I.A. Johnson (1867)
Gallery
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I.A. Johnson site plan
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Bow of I.A. Johnson looking aft
By The Numbers
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Service History

The wooden two masted scow schooner I.A. Johnson was built in the year 1867 at Dover Bay, Ohio by master carpenter J.A. Johnson. Her offical number was 12090. In the beginning of her life the scow was owned by numerous owners and carried mostly lumber but also a variety of cargoes such as: ties, bailed hay, feed, corn and pork.

In 1880 it I.A. Johnson was purchased by the Freyberg Brothers Company and was used in the lumber trade. the scow would transport lumber from the Freyberg Operations on Washington Island and upper Door County to the Company's mill in Sheboygan. The vessel would then return to the Island with groceries for the store owned by the Freybergs.
Final Voyage

On September 23, 1890, the scow schooner I.A. Johnson collided with the schooner Lincoln Dall off the mouth of the Black River just south of Sheboygan in Lake Michigan. The I.A. Johnson than sank off of Centerville, Wisconsin approximately eight miles north of Sheboygan, Wisconsin.
Attempts to recover the vessel were unsuccessful. On 22 September, 1890 I.A. Johnson left Sheboygan late in the evening carrying $600 worth of provisions and goods aimed for the Freyberg store at Washington Island. The scow was ten miles north of Sheboygan when it collided with the 3-masted schooner Lincoln Dall around 2:00 am on 23 Septemeber. The Lincoln Dall was heavily laden with lumber for the port of Chicago. Thoroughly damaged by the collision, the scow began to take on water at the bow. I.A. Johnson’s five member crew, consisting of Herman Freyberg, Henry Freyberg, Larens Freyberg, Halver Halverson, and Nils Starke, were rescued and taken on the Lincoln Dall. The Lincoln Dall had suffered damage to her head rigging.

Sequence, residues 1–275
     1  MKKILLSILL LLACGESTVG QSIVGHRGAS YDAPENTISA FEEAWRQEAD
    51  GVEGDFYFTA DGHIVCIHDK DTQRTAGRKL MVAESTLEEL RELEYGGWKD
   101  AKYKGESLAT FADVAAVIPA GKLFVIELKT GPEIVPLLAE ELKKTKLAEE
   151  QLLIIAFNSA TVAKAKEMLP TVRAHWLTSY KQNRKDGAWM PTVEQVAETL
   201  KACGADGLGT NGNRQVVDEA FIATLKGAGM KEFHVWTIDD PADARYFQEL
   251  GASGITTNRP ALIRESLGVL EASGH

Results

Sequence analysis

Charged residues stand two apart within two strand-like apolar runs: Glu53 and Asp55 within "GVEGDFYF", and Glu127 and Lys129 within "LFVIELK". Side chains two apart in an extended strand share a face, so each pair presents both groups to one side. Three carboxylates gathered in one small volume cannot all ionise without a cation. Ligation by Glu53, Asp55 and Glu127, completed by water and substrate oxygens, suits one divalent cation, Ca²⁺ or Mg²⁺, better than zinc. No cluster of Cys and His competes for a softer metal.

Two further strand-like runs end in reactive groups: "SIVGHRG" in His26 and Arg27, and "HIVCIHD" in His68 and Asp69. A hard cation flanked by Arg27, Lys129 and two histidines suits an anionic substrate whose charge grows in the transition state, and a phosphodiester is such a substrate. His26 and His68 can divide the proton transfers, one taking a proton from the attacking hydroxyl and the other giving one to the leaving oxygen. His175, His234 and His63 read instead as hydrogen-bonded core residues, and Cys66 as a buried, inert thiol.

Around 3:30 am the Sheboygan Lifesaving Station spotted the struggling schooner northeast of Sheboygan and commissioned the tug Sheboygan to take her in tow. The crew of the I.A. Johnson reported the sinking of the scow around 10:30am. After the initial reporting the Lincoln Dall was towed to Milwaukee for repairs. Captain Ed. McCall of the schooner claimed that he saw the scow before the collision but he had the right of way and assumed that the Johnson would change her course. Neither vessel altered their course leading to the collision.

The lifesaving crew launched the surfboat and was towed to the location of the wreck by the tug Sheboygan. After reaching the scow around 2:00pm only her stern was sticking above the water. A towline was secured between the Sheboygan and the I.A. Johnson and the tug began towing the scow to Sheboygan. The attempt did not last long and after 4 miles the vessel’s stern broke and the I.A. Johnson sank completely, resting in about 100 feet of water northwest of the Sheboygan Life-saving Station. The vessel and its cargo were considered a total loss at a total of $2,700 dollars. The vessel was not insured. During the attempted salvage of the vessel, the coast guard recovered 2 bags of flour. Other reports indicated the some of the ship’s cargo washed ashore near Pigeon River three miles north of Sheboygan. The enrollment documents for the I.A. Johnson were officially surrendered at the Port of Milwaukee on 10 August 1894.
Today

I.A. Johnson shipwreck site was discovered and reported to the Wisconsin Historical society by Steve Radovan in 2015. Society Archaeologists and volunteers surveyed the site in 2018.

The I.A. Johnson lies broken along the sandy bottom in 93 feet of water. The scow's stempost and centerboard stand upright while the stern and sides of the vessel have fallen outward. A large portion of the bilge still covered by sand. Overall, the site exhibits excellent preservation with major hull sections intact, including the centerboard and centerboard trunk, with its cap intact, windlass, bow section, and complete port and starboard sides. Few pieces of deck structure remain extant, and the majority of the vessel’s floor remains covered by sand. A thick layer of quagga mussels coat the exposed surfaces of the vessel. The vessel’s integrity, along with the presence of the entire vessel and operational deck implements, offers a wealth of information for archaeologists and researchers.
 
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